But that’s why Roberts and his cohorts threw the ball back at Congress, right? Surely our elected officials wouldn’t stand for rampant modern disenfranchisement efforts after so many fought and died for truly universal suffrage.

I guess the court’s right wing is so deeply committed to the study of law, they haven’t paid much attention to the news since Obama took the oath of office in January 2009. The most recently adjourned 113th Congress produced just 22 percent of it’s “Do-Nothing,” 1947-1948 counterpart. Suffice it to say the Voting Rights Act is every bit as imperiled on its 50th anniversary this year, as it was on its 48th.

Maybe it’s because I just stepped out of the ballot box this week, casting my vote in an effort to unseat Chicago’s machiniest (yes, I just invented a word) Mayor Rahm Emanuel. Maybe it’s because most of the volunteer faces I saw at my local polling place making the magic happen were African-American ones, but I’m more irked than usual by Capitol Hill’s failure to act.

On last Sunday’s edition of Meet the Press, Republican House Member Charlie Dent of Pennsylvania spoke with Chuck Todd about the fate of the VRA. Despite actually supporting a Congressional rewrite of the law, Dent provided the usual rhetorical cover for his less noble party mates on the subject of voter ID restrictions (the ones that in many states allow for concealed weapons permits to be presented, but not student identification):

“Well, I do support voter ID. I think Republicans will insist on voter ID being protected. I’m from Pennsylvania. I have witnessed voter fraud. We had a state senator thrown out because of absentee ballot fraud in the 1990s. I lived through that.

It was awful. It was a stolen election. And we’ve seen it. We had a candidate for Congress in Maryland not so long ago in 2012 who voted in both 2006 and 2008 in Florida and Maryland. She had to drop out. So, there is real fraud out there. And I think you can be against discrimination and against fraud. Those two ideas are compatible.”

After hearing Dent’s comments, a rather simple observation occurred to me. What is the common denominator in the Representative’s two fraud examples? Both were perpetrated by politicians rather than private citizens. I think most of us are still waiting for the “awful” tales of our next door neighbor running to the ballot box multiple times just for kicks. In the fraudulent absentee ballot scenario, is there any doubt it was a conspiracy cooked up by the state senate candidate and his or her staff?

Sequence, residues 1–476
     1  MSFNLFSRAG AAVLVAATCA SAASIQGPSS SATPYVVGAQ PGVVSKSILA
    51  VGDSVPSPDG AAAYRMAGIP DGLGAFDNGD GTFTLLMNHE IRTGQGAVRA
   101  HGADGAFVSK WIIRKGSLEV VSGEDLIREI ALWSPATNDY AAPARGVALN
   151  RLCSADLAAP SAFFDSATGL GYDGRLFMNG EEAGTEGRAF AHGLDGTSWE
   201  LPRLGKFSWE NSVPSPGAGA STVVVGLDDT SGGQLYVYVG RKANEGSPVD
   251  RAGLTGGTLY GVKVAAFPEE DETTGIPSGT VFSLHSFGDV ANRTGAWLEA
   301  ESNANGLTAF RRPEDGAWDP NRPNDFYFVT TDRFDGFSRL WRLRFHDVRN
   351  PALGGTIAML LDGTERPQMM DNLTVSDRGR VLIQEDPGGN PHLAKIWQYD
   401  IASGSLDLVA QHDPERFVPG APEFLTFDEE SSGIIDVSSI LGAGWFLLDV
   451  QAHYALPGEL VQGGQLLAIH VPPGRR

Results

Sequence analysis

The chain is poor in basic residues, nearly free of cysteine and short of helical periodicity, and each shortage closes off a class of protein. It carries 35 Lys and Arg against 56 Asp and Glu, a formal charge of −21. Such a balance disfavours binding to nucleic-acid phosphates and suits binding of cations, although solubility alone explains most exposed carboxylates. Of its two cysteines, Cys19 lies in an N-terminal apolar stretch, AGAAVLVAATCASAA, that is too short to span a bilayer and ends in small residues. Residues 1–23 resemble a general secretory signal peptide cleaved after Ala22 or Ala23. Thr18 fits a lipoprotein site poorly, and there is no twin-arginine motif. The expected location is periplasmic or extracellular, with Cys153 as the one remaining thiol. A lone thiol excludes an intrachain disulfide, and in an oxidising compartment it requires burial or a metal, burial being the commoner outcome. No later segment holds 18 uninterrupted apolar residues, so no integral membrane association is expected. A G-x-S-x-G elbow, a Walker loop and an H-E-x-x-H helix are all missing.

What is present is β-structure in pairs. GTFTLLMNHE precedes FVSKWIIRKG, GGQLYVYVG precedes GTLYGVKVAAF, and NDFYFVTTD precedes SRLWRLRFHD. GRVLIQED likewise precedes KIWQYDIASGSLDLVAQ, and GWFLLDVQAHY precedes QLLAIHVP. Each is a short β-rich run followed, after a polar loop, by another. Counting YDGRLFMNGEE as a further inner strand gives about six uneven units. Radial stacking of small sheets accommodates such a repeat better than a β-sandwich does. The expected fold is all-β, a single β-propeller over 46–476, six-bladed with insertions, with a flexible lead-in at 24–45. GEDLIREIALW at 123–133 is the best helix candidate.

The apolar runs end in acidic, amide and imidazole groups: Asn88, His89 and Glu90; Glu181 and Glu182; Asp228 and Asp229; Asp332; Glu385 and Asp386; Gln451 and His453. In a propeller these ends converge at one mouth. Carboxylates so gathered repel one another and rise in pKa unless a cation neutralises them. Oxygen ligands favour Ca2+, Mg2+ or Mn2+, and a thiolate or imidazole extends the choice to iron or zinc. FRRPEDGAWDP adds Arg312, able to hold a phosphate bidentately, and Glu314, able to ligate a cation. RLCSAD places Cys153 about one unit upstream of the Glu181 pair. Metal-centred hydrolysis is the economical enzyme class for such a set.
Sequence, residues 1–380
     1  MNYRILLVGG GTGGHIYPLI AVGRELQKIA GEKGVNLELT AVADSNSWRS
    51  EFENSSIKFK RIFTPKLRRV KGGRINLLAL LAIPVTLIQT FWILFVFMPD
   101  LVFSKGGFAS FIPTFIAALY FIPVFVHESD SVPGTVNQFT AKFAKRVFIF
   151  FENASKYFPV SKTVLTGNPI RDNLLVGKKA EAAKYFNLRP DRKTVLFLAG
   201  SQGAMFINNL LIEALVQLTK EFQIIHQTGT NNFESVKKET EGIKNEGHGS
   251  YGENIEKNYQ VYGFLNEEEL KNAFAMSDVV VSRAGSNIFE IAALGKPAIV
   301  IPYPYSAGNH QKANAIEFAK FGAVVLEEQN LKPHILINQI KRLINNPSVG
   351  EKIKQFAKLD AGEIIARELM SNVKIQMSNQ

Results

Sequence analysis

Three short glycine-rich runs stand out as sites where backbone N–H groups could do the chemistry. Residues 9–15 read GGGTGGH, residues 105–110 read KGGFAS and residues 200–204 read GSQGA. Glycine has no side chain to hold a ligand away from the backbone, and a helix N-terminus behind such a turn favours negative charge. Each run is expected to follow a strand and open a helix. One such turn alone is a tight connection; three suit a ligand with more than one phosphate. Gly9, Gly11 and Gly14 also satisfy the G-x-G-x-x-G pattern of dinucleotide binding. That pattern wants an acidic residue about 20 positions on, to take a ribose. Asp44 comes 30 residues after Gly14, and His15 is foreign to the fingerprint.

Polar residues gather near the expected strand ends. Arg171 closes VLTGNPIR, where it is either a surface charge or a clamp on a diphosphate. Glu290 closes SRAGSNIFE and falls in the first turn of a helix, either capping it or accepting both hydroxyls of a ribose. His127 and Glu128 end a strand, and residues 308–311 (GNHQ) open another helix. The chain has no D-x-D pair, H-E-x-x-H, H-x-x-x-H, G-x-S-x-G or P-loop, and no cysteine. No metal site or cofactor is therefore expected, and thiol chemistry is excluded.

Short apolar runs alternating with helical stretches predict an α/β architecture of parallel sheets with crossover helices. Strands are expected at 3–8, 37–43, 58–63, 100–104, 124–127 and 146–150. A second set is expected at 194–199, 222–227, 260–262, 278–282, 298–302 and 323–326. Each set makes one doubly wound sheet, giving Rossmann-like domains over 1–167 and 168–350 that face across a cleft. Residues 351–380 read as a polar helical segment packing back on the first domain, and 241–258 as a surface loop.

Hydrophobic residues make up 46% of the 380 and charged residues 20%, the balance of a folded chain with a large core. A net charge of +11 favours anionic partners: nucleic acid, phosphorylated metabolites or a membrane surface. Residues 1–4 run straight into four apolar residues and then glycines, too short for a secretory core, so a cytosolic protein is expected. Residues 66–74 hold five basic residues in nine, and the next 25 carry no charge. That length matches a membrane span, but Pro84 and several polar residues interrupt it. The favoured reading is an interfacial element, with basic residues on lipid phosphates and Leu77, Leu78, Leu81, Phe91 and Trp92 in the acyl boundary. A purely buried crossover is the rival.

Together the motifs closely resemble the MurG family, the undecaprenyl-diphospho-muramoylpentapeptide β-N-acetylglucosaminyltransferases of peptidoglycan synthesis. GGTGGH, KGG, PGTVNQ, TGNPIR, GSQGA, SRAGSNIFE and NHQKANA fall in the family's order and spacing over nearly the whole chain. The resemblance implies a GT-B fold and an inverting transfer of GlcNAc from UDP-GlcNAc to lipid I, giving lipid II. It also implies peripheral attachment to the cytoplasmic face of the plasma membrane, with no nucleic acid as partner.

It should be no surprise by this time, but whenever present-day Republicans point a finger and cry “foul,” you can be reasonably sure the crime is an inside job. But when justice, common sense and decency fail to get them to move, sometimes a little shame is the most effective weapon. If Dent hopes to be taken at all seriously after his television appearance last Sunday, may he repeat his words early and often to his GOP colleagues:

“I think many Republicans recognize that the Voting Rights Act is the single most important civil rights legislation ever passed in American history. And we also take seriously the fact that we do need to amend the Voting Rights Act, given the court’s rulings.”

Can State Governments And National Agencies Run Like Corporations? Maybe (February 19, 2015)

Governments and Corps

For decades now, the Republican Party has been the party of privatization. The thinking goes that there’s no function of government that wouldn’t perform better and more cheaply if only we’d let the genius of infallible corporate strategy takes its place. This magical theory assumes both that state government is always the problem, and that private enterprise is always the solution. There’s no room in this model for inconvenient statistics, such as the fact that nearly 27,000 American companies filed for bankruptcy in 2014.

For the purposes of this column, let’s look at two different test cases of the GOP’s “private flight is right” hypothesis: newly sworn-in Governor of Illinois, Bruce Rauner, and the evolution of Veterans Affairs under Secretary Robert A. McDonald. At first gloss, the two men appear to have similar pedigrees. Prior to his November 2013 election, Rauner was the Chairman of R8 Capital Partners and Chairman of the private equity firm GTCR, both based in Chicago. Meanwhile McDonald spent 33 years at conglomerate Proctor & Gamble, retiring as the company’s CEO in 2013.